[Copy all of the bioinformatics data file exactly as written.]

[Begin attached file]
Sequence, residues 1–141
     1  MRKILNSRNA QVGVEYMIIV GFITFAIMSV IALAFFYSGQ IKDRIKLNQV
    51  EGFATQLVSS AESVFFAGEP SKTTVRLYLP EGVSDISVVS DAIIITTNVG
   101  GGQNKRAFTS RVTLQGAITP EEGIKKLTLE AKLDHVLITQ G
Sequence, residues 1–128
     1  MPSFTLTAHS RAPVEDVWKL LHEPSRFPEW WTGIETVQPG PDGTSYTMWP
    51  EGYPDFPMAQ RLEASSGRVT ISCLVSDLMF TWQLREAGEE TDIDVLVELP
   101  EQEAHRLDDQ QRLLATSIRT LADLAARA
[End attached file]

Sequence, residues 1–141
     1  MRKILNSRNA QVGVEYMIIV GFITFAIMSV IALAFFYSGQ IKDRIKLNQV
    51  EGFATQLVSS AESVFFAGEP SKTTVRLYLP EGVSDISVVS DAIIITTNVG
   101  GGQNKRAFTS RVTLQGAITP EEGIKKLTLE AKLDHVLITQ G
Sequence, residues 1–128
     1  MPSFTLTAHS RAPVEDVWKL LHEPSRFPEW WTGIETVQPG PDGTSYTMWP
    51  EGYPDFPMAQ RLEASSGRVT ISCLVSDLMF TWQLREAGEE TDIDVLVELP
   101  EQEAHRLDDQ QRLLATSIRT LADLAARA